(Photo by R. Kennedy for GPTMC)
It’s both event season and fiscal year end for a lot of nonprofits, which is another way of saying that most fundraising professionals are feeling extra burned out right now.
If you fall into this group, you probably coach yourself through the busy year by saying things like “Just get through the end of the fiscal year!” and “Once we hit June 30, things will slow down!” or even “In July and August, you can catch up on all that stuff you wish you had time for!”
And to that I call bullshit. It took 10 years in the professional world, but I finally conceded: There is never enough time. Things will not slow down. I will never be allowed the time to get to the fun things on my to-do list.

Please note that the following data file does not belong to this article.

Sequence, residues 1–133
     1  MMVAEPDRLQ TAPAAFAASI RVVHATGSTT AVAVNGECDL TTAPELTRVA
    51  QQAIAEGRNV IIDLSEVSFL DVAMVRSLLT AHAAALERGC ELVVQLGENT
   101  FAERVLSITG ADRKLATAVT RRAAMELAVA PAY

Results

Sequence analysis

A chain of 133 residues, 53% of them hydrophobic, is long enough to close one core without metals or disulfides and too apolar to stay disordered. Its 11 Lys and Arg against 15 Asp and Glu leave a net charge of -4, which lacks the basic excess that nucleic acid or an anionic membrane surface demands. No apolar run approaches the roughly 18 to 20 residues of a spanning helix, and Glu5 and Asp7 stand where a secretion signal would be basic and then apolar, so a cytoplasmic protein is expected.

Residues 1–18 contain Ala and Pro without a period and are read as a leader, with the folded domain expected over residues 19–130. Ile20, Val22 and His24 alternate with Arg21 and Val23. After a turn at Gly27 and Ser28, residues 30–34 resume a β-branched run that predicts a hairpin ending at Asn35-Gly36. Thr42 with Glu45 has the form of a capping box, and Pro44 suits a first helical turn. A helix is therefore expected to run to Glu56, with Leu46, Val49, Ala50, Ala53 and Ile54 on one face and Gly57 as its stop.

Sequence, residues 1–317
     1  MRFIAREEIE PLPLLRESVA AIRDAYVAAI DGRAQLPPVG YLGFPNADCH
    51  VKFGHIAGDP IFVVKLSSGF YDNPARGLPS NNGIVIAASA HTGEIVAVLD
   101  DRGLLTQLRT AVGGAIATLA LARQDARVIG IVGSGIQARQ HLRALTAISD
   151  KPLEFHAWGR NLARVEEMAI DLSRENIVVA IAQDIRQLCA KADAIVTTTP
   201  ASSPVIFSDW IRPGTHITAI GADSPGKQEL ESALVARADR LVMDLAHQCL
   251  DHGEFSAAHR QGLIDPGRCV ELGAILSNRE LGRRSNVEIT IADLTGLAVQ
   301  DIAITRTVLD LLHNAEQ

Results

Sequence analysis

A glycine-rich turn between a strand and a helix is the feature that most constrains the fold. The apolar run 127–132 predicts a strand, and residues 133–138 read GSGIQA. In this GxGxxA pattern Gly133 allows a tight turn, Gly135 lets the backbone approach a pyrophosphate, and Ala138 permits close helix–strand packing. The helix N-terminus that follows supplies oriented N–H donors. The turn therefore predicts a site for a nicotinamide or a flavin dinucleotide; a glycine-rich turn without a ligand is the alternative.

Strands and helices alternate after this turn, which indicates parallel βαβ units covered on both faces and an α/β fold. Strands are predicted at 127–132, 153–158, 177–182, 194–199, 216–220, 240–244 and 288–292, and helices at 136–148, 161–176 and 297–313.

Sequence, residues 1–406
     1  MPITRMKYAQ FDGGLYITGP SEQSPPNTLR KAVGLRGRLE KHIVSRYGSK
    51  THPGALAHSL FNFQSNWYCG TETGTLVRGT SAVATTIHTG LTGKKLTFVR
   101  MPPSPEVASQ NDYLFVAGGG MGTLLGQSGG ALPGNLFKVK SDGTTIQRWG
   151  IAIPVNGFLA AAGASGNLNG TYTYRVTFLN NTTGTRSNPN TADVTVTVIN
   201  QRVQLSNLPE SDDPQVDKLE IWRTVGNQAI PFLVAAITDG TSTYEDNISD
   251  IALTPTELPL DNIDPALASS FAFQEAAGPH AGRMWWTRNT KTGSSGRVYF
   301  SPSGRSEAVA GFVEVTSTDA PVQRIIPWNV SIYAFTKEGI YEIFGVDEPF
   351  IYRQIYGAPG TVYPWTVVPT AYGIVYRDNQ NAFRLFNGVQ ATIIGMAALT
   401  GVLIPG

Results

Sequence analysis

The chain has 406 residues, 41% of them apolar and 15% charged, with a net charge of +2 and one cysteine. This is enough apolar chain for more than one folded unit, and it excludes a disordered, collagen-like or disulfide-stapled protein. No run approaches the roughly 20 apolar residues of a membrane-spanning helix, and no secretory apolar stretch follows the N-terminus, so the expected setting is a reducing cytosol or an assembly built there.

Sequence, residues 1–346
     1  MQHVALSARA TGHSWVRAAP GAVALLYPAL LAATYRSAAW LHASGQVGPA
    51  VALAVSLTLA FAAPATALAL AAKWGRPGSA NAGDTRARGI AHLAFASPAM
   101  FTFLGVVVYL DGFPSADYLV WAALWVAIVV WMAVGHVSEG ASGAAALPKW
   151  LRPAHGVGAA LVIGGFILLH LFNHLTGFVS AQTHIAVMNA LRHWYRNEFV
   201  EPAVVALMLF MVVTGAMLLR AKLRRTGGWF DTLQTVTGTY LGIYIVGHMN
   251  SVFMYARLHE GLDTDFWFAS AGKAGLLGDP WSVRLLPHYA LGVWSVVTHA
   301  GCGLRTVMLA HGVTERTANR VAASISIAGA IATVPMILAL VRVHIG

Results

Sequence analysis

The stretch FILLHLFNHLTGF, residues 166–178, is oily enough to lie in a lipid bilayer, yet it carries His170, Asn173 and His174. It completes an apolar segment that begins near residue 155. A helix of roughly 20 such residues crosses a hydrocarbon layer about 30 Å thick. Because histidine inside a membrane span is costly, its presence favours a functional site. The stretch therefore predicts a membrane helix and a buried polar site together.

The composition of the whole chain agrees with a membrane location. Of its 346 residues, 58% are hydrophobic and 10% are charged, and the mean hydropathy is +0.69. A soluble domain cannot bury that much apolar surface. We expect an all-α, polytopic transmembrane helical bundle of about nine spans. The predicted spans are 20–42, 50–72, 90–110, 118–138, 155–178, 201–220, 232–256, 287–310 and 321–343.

That realization was the beginning of a new era for me. Because I used to motivate myself by thinking that someday, perhaps far down the line, I would catch up. There would be more time. So I was constantly striving for this (nonexistent) time when things would suddenly be easier.
Researchers have found that on average, you are interrupted or switch tasks every three minutes.
By reframing my thinking, I quite suddenly stopped caring so much about my never-ending to-do list. Sure, I would never cross everything off the list. But it was okay, because there would NEVER be enough time to tackle everything. Why stress myself out about something I can’t fix? I started thinking about what I COULD accomplish every day, rather than agonizing over what I wouldn’t accomplish.